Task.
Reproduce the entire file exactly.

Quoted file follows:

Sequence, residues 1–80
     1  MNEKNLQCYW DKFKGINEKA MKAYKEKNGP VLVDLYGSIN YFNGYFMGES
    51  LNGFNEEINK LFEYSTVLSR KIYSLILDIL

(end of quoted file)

Sequence, residues 1–80
     1  MNEKNLQCYW DKFKGINEKA MKAYKEKNGP VLVDLYGSIN YFNGYFMGES
    51  LNGFNEEINK LFEYSTVLSR KIYSLILDIL